By Mark Kleis
Friday, Jan 15th, 2010 @ 3:26 pm
 
In a rather bizarre instance, a driver reportedly began to experience unintended acceleration from his Toyota Avalon and was able to drive the car to a nearby dealer with the vehicle still displaying wide open throttle, despite having the floormat removed. Dealer techs witnessed the problem and have reportedly offered to repair the vehicle free of charge.



According to a report from The Safety Record, on December 29, 2009, the driver of a 2007 Toyota Avalon experienced a bizarre case of sudden and unintended acceleration while driving on the highway, just miles from a local Toyota dealer. The driver managed to switch the vehicle between Neutral and Drive multiple times, while en route to the dealer in order to show the dealer the problem as it was still occurring.

The driver was able to reach the dealer, place the vehicle into neutral, and allow it to continue operating at wide open throttle. The dealer sent out a tech who verified that the floor mat was removed, and pushing the gas pedal had no effect on the acceleration. The dealer was unable to stop the wide open throttle and was forced to shut the vehicle off.

This incident was apparently not the first for the driver, either, who had been to the dealer before about the problem. The first time the unintended acceleration occurred, the driver was able to slow the vehicle with the brakes and switch the vehicle into neutral - where the engine continued to hit maximum rpms. At the time of the first incident, dealer diagnostics revealed no problems in the computer.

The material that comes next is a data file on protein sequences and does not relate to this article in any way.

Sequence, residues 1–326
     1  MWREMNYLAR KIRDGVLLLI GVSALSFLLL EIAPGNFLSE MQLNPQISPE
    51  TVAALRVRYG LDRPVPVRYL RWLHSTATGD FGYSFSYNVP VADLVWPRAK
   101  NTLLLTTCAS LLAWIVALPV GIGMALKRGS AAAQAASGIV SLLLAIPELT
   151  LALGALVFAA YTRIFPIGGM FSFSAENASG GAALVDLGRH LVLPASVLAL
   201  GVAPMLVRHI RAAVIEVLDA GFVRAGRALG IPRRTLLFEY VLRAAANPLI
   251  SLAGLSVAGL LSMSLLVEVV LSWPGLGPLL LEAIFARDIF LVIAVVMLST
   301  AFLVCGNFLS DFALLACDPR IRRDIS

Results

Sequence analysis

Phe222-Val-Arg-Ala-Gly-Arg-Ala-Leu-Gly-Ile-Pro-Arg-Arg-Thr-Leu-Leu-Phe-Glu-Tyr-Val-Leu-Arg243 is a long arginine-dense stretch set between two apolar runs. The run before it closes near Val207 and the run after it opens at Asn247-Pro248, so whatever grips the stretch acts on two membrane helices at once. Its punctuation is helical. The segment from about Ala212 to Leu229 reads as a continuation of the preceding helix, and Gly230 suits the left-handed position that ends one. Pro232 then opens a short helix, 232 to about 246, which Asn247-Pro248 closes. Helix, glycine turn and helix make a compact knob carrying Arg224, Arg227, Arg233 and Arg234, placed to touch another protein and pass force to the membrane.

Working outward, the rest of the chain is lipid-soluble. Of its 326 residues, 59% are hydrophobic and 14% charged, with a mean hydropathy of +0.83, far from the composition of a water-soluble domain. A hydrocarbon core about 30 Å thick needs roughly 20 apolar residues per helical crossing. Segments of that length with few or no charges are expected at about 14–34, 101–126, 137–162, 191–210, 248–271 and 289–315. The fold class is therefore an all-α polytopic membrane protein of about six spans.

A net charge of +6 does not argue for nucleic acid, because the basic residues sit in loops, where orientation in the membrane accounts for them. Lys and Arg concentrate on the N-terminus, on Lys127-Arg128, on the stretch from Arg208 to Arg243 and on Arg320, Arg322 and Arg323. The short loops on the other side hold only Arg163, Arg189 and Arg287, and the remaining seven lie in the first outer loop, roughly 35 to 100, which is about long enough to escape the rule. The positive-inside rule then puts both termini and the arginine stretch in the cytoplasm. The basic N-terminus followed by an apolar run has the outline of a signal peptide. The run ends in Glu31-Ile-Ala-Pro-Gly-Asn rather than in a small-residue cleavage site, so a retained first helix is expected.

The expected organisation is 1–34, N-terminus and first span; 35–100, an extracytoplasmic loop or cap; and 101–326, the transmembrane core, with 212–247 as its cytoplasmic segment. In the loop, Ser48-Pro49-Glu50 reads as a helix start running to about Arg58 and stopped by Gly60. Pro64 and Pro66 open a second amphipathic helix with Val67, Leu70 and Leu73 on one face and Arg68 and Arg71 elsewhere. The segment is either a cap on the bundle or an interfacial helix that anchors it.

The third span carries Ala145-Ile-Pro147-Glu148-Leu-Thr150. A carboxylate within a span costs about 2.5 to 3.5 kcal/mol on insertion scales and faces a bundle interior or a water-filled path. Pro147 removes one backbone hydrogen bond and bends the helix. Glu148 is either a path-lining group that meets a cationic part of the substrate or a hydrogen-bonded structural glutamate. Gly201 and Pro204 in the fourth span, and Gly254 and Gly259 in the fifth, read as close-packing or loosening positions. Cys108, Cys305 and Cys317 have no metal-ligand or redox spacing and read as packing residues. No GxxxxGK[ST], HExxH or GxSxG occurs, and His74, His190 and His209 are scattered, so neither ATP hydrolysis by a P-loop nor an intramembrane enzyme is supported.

The dealer eventually offered to replace the throttle body, accelerator pedal and associated sensors free of charge for the driver after the second incident.

This incident may prove to be a crucial step in finding the true cause of the many reported cases of unintended acceleration in Toyota vehicles. Toyota began its largest-ever recall in 2009 to replace the floor mats and accelerator pedals in over 3.8 million vehicles that could experience unintended acceleration. Critics and survivors of unintended acceleration cases argued that the problem was not a result of the floor mats or accelerator pedals, but instead insist that the computer controlling the acceleration of the vehicle is at fault.

The Safety Record also reported on a one-car crash that occurred in Dallas, Texas the day after Christmas involving a Toyota Avalon. According to the accident report, the vehicle inexplicably left the road and ended up crashing through a fence, and landing upside down in a pond - killing all four occupants. The floor mats were found in the trunk of the car - ruling out the possibility of the floor mat causing the accident.

The official cause of the Dallas crash has not yet been determined.